But if you want to learn about Gor-Tex and layers and you really don’t like snow and freezing temperatures, it’s time to consider the south west coast of B.C. and Vancouver Island. Statistically, the southern 100 miles of the east side of Vancouver Island (still with me?) have the warmest winter temperatures in Canada. It’s known as a temperate rainforest, which exist in very few regions in the world. It does rain but don’t think of it as rain, think of it as ‘not snow’. The up side is that it’s lush, green and outdoor activities are plentiful with wonderful outdoor loving people everywhere. The ocean views, activities and sight seeing are a uniquely Vancouver Island experience.
The Canadian winter snowbird zones offer some wonderful benefits. There’s typically golfing available and both the south Okanagan and Vancouver Island offer the unique opportunity to enjoy snow from a distance. You don’t have to give up your favourite snow sports, just get in your car and drive to them to enjoy a day or three. When you’ve had enough snow, simply drive away. The south Okanagan has Apex Ski Resort (1.5 hrs from Oliver, BC) and Mount Baldy (40 min fro Oliver) while Vancouver Island has Mount Washington (75 min from Nanaimo).
And your indoor winter sports are also easily accessible with hockey rinks in every town and curling rinks like the Nanaimo Curling Club and the Oliver Curling Centre. You can bet there will be passionate crowds getting together everywhere to watch the 100th Grey Cup.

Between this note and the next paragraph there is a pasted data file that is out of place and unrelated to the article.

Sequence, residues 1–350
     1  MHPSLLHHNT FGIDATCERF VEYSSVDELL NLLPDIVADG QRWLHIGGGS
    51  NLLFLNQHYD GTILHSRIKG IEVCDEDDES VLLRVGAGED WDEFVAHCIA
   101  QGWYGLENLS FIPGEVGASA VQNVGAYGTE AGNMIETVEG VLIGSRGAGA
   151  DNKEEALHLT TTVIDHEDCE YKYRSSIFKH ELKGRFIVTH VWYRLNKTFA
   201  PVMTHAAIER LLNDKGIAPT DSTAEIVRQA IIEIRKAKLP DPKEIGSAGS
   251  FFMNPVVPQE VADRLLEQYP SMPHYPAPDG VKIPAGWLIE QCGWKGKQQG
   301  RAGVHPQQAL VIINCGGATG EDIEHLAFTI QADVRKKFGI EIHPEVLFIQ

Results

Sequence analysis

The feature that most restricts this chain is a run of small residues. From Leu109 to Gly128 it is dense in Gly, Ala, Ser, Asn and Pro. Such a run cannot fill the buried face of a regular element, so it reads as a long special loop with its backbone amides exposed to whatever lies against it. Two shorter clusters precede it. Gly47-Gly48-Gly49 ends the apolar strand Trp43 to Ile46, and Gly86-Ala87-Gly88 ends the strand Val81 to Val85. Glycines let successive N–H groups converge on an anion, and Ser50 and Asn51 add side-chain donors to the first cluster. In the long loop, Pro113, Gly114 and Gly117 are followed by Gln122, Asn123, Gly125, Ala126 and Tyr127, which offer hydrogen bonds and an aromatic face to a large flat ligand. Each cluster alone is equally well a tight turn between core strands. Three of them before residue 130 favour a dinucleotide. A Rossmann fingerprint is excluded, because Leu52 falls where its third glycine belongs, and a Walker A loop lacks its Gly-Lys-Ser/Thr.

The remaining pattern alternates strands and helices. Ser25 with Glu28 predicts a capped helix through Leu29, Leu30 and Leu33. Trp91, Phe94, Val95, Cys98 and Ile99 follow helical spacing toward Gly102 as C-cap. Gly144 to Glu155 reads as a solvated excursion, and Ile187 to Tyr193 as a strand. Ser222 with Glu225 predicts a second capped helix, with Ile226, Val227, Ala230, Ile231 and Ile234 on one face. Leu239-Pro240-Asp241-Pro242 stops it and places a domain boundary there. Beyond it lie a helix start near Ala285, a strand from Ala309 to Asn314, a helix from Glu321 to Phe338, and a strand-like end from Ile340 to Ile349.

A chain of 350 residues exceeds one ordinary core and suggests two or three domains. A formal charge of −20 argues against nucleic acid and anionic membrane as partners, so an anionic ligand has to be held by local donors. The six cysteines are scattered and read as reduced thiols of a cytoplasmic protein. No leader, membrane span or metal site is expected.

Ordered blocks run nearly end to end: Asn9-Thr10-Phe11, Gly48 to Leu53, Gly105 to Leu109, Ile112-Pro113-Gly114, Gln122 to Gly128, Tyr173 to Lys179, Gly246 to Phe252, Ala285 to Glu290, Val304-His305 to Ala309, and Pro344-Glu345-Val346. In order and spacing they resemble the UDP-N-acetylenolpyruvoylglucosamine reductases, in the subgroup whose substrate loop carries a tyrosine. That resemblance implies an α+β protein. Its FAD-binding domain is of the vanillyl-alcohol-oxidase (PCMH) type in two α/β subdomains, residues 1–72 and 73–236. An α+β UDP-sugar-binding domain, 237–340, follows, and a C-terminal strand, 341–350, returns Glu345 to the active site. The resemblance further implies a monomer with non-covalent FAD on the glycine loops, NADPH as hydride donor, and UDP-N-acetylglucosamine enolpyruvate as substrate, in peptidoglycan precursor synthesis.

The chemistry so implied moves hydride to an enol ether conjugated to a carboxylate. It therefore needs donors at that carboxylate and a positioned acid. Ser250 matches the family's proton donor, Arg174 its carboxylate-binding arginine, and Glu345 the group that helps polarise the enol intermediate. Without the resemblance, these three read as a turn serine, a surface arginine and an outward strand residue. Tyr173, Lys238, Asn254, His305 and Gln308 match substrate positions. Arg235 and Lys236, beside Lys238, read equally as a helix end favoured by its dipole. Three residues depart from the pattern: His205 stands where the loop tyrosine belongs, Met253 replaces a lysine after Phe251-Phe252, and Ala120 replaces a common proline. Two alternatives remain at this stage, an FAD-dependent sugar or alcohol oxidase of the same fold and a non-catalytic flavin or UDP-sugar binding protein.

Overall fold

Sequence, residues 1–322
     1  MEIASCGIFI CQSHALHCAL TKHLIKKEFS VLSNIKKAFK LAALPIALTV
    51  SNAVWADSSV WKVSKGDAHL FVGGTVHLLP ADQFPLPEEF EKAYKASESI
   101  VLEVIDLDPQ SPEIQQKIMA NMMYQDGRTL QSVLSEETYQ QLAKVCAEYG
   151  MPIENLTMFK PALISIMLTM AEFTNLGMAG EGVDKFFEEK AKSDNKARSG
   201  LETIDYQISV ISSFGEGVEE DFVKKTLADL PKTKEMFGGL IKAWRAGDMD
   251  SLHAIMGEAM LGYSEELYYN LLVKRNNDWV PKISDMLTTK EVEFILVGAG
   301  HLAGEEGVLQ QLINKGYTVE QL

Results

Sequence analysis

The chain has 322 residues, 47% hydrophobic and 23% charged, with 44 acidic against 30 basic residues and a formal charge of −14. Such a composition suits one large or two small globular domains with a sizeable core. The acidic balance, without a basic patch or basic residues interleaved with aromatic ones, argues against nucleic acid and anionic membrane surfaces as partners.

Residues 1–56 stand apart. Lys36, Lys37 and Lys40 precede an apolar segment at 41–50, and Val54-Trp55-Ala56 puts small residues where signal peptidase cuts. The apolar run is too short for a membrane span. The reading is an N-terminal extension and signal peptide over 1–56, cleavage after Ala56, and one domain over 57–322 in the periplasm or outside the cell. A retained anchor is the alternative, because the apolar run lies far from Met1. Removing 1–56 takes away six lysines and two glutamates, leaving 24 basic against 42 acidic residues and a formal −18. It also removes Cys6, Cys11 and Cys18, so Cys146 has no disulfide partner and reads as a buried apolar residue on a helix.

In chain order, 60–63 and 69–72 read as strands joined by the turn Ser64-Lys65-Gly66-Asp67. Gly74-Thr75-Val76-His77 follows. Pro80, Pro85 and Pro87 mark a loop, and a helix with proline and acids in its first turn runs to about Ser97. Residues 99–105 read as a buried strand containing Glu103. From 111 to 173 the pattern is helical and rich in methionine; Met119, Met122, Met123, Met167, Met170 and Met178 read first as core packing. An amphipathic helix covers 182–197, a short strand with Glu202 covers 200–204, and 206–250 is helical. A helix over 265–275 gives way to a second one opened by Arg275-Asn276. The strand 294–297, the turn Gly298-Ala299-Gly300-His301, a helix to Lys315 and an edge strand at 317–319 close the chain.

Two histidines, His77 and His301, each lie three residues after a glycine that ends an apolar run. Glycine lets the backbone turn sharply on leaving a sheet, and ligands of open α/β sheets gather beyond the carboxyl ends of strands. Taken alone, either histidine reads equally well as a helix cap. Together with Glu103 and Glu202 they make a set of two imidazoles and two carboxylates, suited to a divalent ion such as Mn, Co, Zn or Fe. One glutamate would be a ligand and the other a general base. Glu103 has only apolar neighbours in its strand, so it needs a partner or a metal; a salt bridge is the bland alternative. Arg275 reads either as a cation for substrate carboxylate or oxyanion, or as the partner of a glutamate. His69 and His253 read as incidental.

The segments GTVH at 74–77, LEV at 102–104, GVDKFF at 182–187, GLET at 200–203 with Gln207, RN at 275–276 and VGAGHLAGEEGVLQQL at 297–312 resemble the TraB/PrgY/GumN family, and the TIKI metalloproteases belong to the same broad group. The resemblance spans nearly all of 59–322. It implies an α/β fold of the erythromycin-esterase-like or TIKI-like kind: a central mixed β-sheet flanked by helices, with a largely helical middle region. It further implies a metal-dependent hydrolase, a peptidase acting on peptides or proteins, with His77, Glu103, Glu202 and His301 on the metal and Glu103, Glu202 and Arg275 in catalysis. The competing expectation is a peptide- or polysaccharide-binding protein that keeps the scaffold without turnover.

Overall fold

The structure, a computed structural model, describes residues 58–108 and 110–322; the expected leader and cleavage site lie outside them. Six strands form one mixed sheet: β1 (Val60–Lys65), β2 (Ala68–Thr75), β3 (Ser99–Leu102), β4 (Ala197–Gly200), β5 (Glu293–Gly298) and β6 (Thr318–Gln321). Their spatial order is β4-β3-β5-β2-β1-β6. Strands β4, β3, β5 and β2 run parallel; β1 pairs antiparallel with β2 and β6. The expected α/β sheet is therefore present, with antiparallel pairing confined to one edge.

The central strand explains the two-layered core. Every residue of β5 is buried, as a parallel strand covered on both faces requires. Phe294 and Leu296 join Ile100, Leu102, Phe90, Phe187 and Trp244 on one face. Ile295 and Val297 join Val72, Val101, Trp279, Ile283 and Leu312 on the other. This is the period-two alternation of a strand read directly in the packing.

Add to this list that you’ll have no concerns with phone plans, health care, banking, exchange rates, language, customs and laws – and you are provided with an overwhelming number of good reasons to spend at least part of your winter in southern BC.
The constant among the year round Canadian ‘warm winter’ RV parks is that they want and appreciate your business, and most do a great job of trying to make your winter stay entertaining and memorable. When everything is factored in, site rental, electricity, cable and Wi-fi and taxes, expect to pay between $500 and $650 per month, depending on the park and its amenities.
Now if you live in the Canadian prairies and it’s a toss up between western BC and the sunbelt of the western U.S. for the winter, unless you have an intolerance to heat and sun, why wouldn’t you go to the U.S. Patriotism aside, the two word answer is almost always ‘health care’. As long as you can find and afford travel health insurance that truly covers you, the U.S. can be very enticing with the dollar near par.